I think the real danger is not the right, but the way right-wing ideas have been adopted by the traditional political parties.
In France something significant has happened: it has been shown that the [right-wing] National Front (FN)’s theories can be accepted by up to 73 per cent of voters, provided they don’t know the same ideas come from the FN.
In other words, the same idea in the mouth of FN parliamentarian Marie Le Pen is approved by only 20 per cent of voters, but when uttered by other politicians it can reach up to 73 per cent.
swissinfo.ch: What should Muslims be doing now after this vote?
T.R.: I think it’s essential that there is a change of attitude among Muslims - a change in their discourse and far-reaching self-analysis.
I think what's happening in Switzerland is a wake-up call for us, which forces us to become more responsible and active.
swissinfo.ch: Should Switzerland be preparing itself for a similar crisis to the Mohammed cartoons affair in 2005-2006?
T.R.: I don’t think Switzerland should fear a backlash by the Arab-Muslim world. The Mohammed cartoons affair was very different because it attacked the very foundations of the religion. This is not the case with the minarets, which are not essential to practising religion or prayer.
Rodrigo Carrizo Couto, swissinfo.ch (Adapted from Spanish by Simon Bradley)
Tariq Ramadan was born in Geneva on August 26, 1962. He has an MA in philosophy and French literature and a PhD in Arabic and Islamic studies from Geneva University.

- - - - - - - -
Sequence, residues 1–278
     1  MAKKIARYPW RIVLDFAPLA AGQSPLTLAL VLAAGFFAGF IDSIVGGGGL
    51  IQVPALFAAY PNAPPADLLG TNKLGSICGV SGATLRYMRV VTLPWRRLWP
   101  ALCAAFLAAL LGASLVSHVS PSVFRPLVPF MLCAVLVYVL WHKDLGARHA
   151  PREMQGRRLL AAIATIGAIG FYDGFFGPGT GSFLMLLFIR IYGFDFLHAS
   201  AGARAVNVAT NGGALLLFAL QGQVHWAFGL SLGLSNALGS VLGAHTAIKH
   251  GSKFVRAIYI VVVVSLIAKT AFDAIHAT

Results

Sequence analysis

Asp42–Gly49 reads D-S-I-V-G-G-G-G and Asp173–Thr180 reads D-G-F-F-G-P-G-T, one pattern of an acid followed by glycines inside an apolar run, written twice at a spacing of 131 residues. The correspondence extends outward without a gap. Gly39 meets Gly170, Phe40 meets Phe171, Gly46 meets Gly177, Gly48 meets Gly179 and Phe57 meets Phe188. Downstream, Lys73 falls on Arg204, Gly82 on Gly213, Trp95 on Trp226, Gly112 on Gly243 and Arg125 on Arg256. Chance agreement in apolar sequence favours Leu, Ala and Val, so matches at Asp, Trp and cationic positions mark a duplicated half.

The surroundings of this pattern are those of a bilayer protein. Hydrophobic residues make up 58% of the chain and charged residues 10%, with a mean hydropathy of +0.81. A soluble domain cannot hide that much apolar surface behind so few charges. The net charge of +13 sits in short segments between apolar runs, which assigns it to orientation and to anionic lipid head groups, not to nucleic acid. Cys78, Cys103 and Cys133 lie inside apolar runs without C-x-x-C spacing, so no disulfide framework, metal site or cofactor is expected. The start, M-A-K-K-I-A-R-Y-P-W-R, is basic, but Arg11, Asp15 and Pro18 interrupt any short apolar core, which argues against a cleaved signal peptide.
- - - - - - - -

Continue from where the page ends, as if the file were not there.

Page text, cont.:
He is currently working as Professor of Contemporary Islamic Studies at St Anthony's College, Oxford University. He is also teaching at the Faculty of Theology at Oxford and is a senior research fellow at Doshisha University in Kyoto, Japan. He is president of the Brussels-based think tank, European Muslim Network.
Ramadan is the grandson of Hassan-al Banna, who founded the prominent Islamic movement, the Muslim Brotherhood, in 1928.
In 2006 he was barred by the US authorities from taking up a post at Notre Dame University in Indiana. Officials cited security concerns but the Geneva-born scholar claims it was for "ideological reasons".
Ramadan, who lives in London, says he is trying "to build bridges between two worlds that don't know each other very well".
Muslims and minarets in Switzerland
Switzerland is the first European country that has forbidden the construction of minarets.
On November 29, 57.5% of voters were in favour of a people's initiative that said quite simply: Against the construction of minarets.
Several plans for building minarets in the German-speaking part of Switzerland were the catalyst for the initiative. Local residents collected signatures against the planned towers.
They were supported by the rightwing Swiss People's Party and the Federal Democratic Union, which coordinated efforts.
The Muslim community accounts for about 4.5% of the Swiss population.
There are about 200 mosques and prayer rooms in Switzerland, but only four have a minaret.